A Map of UNIX

A Map of UNIX

Most UNIX systems have thousands, or even tens of thousands, of files. They are stored in hundreds of directories. Luckily, you don’t care about most of these directories because they contain nothing other than the files that make up the murky technical underbelly of UNIX.

You may, however, need to find something in some directory other than your own safe, well-lit home directory. Figure is a guide to some directories that you’re likely to find on your UNIX system. (Not every UNIX system has all these directories, but most do.)

Figure: Popular UNIX Directories and What They Contain

Directory Name

What It Contains


Standard system commands.


More standard system commands.


Even more standard system commands (the ones contributed by third parties).


Nonstandard, locally installed system commands.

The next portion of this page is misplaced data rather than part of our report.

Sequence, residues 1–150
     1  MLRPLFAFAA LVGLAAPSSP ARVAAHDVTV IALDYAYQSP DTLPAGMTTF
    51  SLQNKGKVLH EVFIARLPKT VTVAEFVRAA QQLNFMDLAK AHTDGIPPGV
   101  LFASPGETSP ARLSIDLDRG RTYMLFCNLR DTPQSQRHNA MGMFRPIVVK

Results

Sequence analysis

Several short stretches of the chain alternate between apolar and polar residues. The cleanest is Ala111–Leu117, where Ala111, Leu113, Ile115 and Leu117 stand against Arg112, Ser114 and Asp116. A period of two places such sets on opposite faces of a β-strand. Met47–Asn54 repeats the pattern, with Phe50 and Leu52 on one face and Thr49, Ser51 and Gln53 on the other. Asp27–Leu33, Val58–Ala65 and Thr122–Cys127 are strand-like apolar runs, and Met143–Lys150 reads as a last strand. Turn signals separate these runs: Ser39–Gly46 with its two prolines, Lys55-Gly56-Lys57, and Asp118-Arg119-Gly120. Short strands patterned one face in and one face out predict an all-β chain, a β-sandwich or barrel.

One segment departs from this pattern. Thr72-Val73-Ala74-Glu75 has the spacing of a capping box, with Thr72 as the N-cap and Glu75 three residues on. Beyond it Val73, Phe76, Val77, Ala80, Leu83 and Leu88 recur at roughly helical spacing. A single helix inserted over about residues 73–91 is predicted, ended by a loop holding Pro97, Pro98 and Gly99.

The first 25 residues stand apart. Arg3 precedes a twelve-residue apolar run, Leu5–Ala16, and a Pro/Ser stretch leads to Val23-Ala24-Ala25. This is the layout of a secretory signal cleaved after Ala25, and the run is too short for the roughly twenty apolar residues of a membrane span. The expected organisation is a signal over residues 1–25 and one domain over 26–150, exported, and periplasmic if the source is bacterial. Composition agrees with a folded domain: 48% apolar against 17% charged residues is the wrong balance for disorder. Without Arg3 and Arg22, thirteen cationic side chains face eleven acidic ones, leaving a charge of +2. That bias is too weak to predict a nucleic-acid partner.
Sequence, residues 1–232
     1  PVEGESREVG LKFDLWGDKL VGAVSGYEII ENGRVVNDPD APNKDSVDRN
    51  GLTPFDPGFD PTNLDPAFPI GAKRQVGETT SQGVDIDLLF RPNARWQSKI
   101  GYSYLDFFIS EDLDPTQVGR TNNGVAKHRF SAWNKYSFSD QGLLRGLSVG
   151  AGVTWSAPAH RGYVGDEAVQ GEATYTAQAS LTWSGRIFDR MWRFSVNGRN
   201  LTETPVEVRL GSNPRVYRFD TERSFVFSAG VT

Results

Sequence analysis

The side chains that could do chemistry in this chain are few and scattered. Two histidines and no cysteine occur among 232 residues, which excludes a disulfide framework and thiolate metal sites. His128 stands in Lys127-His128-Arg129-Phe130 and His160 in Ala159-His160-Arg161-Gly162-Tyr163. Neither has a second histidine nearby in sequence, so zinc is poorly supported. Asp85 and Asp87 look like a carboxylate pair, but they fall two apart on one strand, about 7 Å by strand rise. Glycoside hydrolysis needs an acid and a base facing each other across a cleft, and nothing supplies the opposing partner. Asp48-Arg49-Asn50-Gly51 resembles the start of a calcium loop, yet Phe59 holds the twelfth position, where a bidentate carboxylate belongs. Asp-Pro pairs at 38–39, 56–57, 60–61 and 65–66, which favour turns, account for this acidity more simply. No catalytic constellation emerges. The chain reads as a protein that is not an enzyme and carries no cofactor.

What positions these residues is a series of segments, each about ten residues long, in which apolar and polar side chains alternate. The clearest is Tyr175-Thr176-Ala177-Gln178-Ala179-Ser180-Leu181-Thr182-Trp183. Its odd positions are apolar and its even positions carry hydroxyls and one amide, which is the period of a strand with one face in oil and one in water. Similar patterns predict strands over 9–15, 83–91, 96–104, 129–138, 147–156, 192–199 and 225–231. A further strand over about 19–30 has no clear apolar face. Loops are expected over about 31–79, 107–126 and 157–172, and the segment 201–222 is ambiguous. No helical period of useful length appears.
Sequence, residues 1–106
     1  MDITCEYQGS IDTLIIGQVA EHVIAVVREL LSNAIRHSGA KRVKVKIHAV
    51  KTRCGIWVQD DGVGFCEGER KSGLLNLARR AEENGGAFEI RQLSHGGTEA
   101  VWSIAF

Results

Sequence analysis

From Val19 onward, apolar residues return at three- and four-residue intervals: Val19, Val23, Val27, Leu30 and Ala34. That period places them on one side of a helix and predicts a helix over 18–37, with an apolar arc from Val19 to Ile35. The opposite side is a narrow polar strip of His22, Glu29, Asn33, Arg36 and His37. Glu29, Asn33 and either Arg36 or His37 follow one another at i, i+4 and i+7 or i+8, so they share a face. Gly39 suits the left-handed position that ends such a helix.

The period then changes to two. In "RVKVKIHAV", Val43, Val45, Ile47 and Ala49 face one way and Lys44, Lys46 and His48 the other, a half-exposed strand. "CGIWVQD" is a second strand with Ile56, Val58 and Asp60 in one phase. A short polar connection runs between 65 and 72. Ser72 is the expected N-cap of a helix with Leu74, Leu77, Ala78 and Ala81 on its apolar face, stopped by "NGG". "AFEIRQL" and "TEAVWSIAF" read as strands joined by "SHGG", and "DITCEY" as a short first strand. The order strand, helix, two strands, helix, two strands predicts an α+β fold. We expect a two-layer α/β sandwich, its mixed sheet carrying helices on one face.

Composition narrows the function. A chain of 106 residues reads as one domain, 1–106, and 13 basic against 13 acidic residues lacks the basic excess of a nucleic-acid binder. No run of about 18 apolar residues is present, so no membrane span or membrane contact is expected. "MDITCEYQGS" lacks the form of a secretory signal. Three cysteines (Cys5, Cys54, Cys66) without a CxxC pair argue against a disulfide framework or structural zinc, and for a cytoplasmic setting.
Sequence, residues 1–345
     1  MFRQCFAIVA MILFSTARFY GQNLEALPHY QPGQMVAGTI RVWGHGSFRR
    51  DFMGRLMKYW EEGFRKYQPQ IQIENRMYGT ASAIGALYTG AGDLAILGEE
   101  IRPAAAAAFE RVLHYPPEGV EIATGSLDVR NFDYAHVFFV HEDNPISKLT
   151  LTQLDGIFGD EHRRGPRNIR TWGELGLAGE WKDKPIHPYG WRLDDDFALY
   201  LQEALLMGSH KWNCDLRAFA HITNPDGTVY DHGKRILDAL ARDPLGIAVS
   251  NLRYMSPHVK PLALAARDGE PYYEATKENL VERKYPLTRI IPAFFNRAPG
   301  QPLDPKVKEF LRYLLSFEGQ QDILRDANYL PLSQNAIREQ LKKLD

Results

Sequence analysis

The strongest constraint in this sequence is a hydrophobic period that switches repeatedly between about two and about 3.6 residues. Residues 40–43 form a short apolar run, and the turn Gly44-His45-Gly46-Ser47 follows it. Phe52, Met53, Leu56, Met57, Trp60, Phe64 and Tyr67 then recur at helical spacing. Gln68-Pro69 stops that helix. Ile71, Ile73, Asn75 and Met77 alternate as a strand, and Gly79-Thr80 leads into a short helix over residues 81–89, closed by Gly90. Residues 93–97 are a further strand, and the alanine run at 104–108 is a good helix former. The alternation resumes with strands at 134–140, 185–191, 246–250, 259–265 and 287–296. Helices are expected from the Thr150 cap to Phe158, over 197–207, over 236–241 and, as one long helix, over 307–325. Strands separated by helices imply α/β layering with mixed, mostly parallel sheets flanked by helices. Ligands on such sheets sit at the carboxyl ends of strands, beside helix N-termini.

Contains connections to devices, such as tape drivers, rather than real files. UNIX uses a terribly clever trick for referring to hardware devices as though they were files.


Miscellaneous system files. Not really interesting to nonweenies.


Contains a home directory for each user. (If you don’t see /home, try /usr/home.)


Program libraries and the like. (See our comment about /etc.)


More program libraries and the like. (See our comment about /etc again.)


Small temporary files.


Larger temporary files.


On systems that come with source code, the source code to the system. (Fascinating to programmers, but not so fascinating otherwise.)


Another place where source code can be found.

/usr/man and /usr/catman

Text of online manual pages.

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